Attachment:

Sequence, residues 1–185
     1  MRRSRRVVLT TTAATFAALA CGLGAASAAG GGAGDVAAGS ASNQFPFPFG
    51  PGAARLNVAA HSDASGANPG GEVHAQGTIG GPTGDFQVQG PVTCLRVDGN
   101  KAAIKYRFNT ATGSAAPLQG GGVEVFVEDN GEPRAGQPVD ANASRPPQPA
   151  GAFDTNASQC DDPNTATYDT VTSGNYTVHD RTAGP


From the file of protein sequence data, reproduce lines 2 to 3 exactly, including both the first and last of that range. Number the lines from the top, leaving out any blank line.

     1  MRRSRRVVLT TTAATFAALA CGLGAASAAG GGAGDVAAGS ASNQFPFPFG
    51  PGAARLNVAA HSDASGANPG GEVHAQGTIG GPTGDFQVQG PVTCLRVDGN